Starting on Tuesday, the Canadian government will prohibit the video app TikTok from all government-issued devices. After reviewing the app, Canada’s chief information officer determined that it presents an “unacceptable level of risk to privacy and security,” leading to the decision, as reported by BBC News.
TikTok, which is owned by Chinese firm ByteDance Ltd., has been criticized for its use of personal information and ties to the Chinese government. The ban comes just days after the European Commission announced a similar prohibition.
According to Prime Minister Justin Trudeau, there is enough security concern surrounding the app to necessitate the change. TikTok has been accused of sharing user data with the Chinese government, and last year, the company admitted that some staff in China could access European user data. US federal employees were prohibited from using TikTok in late 2020, and on Monday, the White House gave government agencies 30 days to remove the app from their systems.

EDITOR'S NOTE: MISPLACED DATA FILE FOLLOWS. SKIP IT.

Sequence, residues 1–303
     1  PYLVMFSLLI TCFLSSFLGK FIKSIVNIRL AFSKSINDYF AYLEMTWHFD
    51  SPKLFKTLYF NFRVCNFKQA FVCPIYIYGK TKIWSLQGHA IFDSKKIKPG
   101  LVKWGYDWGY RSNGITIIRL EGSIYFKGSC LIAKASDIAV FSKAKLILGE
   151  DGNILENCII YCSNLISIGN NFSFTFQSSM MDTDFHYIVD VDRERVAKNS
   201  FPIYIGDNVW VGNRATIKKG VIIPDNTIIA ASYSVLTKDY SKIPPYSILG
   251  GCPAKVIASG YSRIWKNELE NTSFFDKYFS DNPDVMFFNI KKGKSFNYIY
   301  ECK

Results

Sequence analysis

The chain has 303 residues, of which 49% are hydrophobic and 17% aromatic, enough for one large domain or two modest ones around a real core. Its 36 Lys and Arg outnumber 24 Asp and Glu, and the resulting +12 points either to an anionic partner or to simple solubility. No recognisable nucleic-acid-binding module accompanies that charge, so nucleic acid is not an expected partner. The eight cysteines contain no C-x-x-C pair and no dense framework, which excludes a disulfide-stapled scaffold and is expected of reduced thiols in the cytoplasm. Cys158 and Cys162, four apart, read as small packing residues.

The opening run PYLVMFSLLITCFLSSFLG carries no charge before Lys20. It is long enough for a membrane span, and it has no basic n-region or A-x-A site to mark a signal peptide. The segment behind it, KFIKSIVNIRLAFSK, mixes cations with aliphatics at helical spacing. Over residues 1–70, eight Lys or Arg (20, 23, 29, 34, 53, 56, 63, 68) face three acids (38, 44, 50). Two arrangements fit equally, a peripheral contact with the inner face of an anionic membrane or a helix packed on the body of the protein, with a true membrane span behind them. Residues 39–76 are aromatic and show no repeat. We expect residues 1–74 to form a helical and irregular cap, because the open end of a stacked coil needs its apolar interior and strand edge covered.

The Canadian privacy regulators are also looking into TikTok over worries about user data, particularly whether the company obtains “valid and meaningful” consent from users when collecting personal information. A recent survey indicates that around one-fourth of Canadian adults use the app.
The Canadian Treasury Board, which oversees federal government operations, includes the country’s chief information officer. This week, the government will remove the TikTok app from government-issued phones and block future downloads of the app on other devices. TikTok expressed dissatisfaction with the decision and stated that it occurred without any specific security concerns about TikTok or contacting them to discuss any issues beforehand.